Indecent Use of Social Media by Jurors
So much has been said and written about social media, yet we never seem to run out of topics. Such has been its impact on our lives that we cannot escape its clutches and impact – even if we tried. It seems every aspect of life has been influenced by Facebook, Twitter or one of their brethren.
One might think that jury duty would be one area where social media would have no relevance. Wrong. The latest in a long line of controversies to hit social media has been its improper use by the jurors. The internet seems to be the preferred avenue for research about a case for the jurors. If you want to do a background check on the case, you are most likely to check Google rather than any traditional media. The problem here is that the court is unable to monitor the use of the internet by jurors (or attorneys for that matter) and banning its use is simply not possible.
The main issue arises when the jurors tend to use the social media platform to discuss the case or express their opinions, something which they are obviously not allowed to do. The misconduct carried on can have an adverse effect on the case which will result in prejudice and bias creeping over the judgment. There have been cases where jurors have “friended” parties related to the case via Facebook and others where they’ve even disclosed their verdict publicly. This is extremely unethical behavior and the chances of a fair trial are considered compromised.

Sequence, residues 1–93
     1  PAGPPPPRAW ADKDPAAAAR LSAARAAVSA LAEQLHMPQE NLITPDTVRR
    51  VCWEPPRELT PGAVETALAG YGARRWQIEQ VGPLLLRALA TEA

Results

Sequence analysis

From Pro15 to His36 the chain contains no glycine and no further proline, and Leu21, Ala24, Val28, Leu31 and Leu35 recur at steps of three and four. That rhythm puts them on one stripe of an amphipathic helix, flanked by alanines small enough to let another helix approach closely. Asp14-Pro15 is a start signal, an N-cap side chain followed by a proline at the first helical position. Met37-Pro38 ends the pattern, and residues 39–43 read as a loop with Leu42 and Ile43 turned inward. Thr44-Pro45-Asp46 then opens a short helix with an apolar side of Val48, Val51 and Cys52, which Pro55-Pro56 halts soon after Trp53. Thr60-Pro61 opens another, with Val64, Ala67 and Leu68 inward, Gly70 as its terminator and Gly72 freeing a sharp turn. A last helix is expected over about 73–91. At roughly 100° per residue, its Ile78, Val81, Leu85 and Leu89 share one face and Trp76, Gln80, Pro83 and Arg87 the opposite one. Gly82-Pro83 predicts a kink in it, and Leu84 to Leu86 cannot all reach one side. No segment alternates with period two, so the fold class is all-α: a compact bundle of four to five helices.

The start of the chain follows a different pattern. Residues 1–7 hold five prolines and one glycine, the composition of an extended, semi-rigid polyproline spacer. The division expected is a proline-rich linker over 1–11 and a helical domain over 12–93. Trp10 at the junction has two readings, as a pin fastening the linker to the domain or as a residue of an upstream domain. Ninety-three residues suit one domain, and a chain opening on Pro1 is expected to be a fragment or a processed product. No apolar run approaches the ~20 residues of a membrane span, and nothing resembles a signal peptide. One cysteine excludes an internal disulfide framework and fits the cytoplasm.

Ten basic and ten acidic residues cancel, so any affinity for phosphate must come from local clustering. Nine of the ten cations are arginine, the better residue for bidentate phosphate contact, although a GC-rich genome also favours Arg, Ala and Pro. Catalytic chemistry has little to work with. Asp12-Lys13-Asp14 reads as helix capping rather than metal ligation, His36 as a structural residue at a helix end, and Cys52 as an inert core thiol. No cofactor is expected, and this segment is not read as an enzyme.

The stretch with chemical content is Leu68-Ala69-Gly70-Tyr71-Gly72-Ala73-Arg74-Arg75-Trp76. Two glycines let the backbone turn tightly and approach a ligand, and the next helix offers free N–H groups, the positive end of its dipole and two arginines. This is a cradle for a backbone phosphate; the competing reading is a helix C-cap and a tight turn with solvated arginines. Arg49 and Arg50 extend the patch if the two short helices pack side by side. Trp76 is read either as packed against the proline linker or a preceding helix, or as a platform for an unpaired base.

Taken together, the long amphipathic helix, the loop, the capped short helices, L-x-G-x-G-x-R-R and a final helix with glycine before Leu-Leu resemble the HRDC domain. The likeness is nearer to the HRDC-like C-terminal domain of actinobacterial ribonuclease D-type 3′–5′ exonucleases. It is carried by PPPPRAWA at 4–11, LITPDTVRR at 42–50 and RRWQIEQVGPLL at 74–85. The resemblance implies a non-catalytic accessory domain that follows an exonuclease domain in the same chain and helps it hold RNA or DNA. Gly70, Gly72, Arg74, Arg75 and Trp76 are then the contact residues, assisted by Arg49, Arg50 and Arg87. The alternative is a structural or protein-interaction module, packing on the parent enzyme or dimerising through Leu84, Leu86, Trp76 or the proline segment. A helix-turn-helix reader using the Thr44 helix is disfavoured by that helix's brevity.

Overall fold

A relevant case for this type of situation was when the court had to subpoena the Facebook profile of a jury forewoman. The juror had made some comments via the social media platform from which the defendant’s attorney figured out that she had learned about a past conviction of the accused during a rape trial in Tampa, Florida. Not good.
In a gang-related case in California, an attorney believed that a juror was being influenced by his online friends. The court heeded the request of the attorney and ordered a subpoena on the juror’s Facebook profile.
What followed was a circus! Facebook did not oblige the subpoena and cited a relevant clause of the Stored Communications Act. Facebook said that it could not release the information unless the owner of the profile, in this case the jury foreman, allowed them to do so. The court ordered the juror to give Facebook the go-ahead.
However, the juror instead filed a federal lawsuit against the defendants, the judge and Facebook, saying that he was being forced to disclose personal information under the threat of being charged with contempt of court. The wait is still on for the verdict in this case.
Is social media getting out of hand? There are many ideas which the legal system is contemplating, such as building an online portal exclusively for use by jurors, among other ideas. Whatever direction(s) the courts decide to go, it’s clear that getting rid of social media altogether is not an option.
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